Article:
But index providers may also be able to compete in the area of analytics. The report indicates that there is a definite drive by index providers to add analytics to their repertoires, with MSCI's acquisition of Barra the most well-known. S&P acquired ClariFI in May 2007. If data is a concern for users, the added information that comes with in-house analytics could surely be a selling point for an index provider.
The report notes that fees from ETFs and other index-linked products are a key source of revenues for index providers, but that because most of those assets—especially ETF assets—are U.S. assets, most indexes are geared to the U.S. market. This would indicate that indexes geared to international markets would be the next growth area in a growth-oriented industry.
Pension plans and their use of indexes are, not surprisingly, key themes of the report, so I'm going to take a look at them separately. One of the report's key findings is that by 2009, nearly 70% of all pension plans, representing roughly $40 trillion, will use customized benchmarks. One of the drivers behind this is what is known as liability-driven investing (LDI), in which the benchmarks are constructed to reflect the liabilities or obligations of the fund—this approach often uses interest rate swaps to hedge interest rate risk, and thereby frees up more assets to be put into alternative investments. "Pension plans," the report says with regard to LDI, "are not looking to managers for cheap beta anymore but instead are allocating more assets to funds that are focused on alpha capture products."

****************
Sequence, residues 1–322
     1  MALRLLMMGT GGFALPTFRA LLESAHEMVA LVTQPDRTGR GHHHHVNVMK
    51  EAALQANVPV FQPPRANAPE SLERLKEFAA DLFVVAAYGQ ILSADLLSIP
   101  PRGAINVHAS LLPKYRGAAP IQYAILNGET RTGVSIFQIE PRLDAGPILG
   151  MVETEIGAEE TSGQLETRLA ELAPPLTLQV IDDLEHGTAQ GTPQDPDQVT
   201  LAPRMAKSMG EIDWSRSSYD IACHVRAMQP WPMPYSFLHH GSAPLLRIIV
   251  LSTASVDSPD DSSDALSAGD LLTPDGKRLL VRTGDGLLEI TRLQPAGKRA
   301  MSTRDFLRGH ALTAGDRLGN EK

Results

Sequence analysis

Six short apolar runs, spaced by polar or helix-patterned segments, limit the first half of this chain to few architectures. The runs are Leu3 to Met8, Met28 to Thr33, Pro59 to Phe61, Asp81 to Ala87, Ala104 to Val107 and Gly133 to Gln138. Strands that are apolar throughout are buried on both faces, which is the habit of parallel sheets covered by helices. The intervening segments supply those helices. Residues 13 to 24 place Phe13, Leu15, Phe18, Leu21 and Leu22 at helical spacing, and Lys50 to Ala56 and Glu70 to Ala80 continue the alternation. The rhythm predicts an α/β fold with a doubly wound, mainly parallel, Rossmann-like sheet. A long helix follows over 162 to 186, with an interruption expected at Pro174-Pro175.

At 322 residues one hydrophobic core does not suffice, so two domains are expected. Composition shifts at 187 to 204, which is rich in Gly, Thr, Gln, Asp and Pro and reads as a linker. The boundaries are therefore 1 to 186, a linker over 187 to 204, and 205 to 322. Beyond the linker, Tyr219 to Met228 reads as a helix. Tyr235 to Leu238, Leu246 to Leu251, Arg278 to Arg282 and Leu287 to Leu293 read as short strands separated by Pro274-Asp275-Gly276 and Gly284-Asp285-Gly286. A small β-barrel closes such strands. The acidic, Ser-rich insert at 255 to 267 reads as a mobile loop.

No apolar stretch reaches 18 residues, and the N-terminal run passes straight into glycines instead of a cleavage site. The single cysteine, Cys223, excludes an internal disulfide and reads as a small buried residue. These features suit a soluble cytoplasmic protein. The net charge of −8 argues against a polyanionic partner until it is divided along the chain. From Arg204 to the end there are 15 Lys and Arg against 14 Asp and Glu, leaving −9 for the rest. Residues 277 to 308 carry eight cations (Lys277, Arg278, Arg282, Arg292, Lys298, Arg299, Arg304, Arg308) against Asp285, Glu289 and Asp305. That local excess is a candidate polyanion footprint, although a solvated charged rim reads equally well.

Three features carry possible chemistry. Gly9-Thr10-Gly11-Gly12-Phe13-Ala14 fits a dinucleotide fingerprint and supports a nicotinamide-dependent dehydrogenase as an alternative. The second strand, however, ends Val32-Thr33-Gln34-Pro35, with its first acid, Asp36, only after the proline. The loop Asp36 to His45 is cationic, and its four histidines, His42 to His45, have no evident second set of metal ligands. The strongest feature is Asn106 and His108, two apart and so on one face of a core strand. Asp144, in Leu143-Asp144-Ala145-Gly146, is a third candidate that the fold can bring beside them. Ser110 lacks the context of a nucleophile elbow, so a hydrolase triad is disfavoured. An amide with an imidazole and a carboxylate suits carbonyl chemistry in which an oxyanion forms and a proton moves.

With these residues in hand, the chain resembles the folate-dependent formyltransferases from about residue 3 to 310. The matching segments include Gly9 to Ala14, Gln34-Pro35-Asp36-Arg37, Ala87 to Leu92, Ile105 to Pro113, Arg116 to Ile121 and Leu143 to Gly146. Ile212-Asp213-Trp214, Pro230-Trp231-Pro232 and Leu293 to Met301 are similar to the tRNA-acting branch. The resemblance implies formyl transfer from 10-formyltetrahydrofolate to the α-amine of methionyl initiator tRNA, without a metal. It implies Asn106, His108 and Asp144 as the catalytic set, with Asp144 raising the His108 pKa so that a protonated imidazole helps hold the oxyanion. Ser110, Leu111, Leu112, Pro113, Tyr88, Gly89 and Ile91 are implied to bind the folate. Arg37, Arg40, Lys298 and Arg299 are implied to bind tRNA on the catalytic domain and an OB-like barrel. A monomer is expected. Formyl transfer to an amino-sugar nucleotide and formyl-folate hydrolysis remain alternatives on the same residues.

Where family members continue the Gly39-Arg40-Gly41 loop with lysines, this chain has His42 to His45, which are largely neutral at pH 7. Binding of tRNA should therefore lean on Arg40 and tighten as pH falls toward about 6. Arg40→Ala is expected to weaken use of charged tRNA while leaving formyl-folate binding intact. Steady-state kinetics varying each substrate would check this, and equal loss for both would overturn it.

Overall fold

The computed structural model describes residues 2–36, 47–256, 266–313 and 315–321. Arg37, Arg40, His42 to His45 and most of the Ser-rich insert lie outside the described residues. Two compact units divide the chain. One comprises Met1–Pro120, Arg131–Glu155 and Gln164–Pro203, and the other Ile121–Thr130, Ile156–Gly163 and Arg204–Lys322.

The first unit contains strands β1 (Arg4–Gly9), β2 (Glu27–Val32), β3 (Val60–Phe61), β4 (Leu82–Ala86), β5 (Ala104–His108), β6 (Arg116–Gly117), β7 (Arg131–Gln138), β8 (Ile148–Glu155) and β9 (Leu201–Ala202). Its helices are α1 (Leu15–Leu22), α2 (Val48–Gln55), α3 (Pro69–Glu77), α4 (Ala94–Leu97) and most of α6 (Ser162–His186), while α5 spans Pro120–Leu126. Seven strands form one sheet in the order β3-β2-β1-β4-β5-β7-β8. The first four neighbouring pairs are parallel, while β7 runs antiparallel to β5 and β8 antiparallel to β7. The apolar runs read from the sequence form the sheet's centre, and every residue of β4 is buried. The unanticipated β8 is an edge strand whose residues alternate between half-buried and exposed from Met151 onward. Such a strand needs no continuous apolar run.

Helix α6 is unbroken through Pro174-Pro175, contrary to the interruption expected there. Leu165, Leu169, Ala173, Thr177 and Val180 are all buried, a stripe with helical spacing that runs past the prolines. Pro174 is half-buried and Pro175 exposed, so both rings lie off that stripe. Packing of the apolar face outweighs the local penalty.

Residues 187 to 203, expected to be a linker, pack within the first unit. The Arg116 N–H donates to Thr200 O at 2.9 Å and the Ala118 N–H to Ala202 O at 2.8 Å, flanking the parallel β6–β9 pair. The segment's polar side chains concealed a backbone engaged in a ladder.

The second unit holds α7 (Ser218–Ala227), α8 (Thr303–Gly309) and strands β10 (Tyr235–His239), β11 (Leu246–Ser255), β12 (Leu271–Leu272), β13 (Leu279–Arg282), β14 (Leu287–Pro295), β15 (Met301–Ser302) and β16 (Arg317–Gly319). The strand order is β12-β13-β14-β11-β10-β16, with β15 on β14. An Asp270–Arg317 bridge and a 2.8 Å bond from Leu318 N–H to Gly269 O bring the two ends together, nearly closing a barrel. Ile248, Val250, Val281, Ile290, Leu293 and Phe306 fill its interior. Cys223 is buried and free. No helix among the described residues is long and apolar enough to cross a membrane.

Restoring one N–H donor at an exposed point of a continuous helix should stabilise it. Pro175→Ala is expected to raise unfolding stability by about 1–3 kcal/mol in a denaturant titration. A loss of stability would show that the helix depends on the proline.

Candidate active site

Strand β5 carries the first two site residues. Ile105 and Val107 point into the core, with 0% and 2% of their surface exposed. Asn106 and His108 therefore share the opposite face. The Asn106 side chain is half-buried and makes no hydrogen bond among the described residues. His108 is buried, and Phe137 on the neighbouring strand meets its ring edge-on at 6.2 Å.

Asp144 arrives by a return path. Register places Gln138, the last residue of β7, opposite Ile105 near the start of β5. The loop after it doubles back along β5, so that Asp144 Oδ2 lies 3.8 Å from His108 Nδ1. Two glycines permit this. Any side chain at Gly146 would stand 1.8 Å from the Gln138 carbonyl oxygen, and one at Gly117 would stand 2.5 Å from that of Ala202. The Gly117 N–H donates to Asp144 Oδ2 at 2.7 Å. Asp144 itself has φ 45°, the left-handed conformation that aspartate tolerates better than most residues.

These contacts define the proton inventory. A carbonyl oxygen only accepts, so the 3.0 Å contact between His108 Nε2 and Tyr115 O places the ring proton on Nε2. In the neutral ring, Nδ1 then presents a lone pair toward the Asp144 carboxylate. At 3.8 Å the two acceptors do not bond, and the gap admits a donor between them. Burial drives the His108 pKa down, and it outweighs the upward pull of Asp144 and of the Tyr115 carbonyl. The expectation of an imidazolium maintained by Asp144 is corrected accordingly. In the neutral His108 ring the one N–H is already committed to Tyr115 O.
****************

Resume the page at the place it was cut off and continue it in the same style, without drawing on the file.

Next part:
Another driver for customized benchmarks is socially responsible investing. More restrictions being placed on pension funds with regard to where they can invest—many state plans, for example, are restricted from investing in tobacco companies, while companies with business activities in Sudan are also forbidden to other plans.
The report also cites a survey by TABB that found that 44% of investment managers and 46% of pension funds anticipate increasing the number of benchmarks they use over the next two years or so as they add further asset classes and geographies and expand into new types of investment vehicles.
"Benchmarks used to be an afterthought, now they are primary," the report says in its conclusion, adding that indexing has "opened the door to new markets, decreased the cost of beta, and uncovered new sources of beta."
Based on the report's findings, someone working within the indexing industry cannot help but note how it now seems to be operating from a position of strength. It has transformed from a haphazard collection of rough approximations of the market into an industry marked by competition and precision. Instead of simply tracking the movements of the markets, the indexing industry is actually defining and redefining those markets and providing more ways to invest in previously difficult asset classes. Looking at the report's, findings it appears that, between index improvements and the expansion of ETFs, the indexing industry has the capacity to change the way the world invests.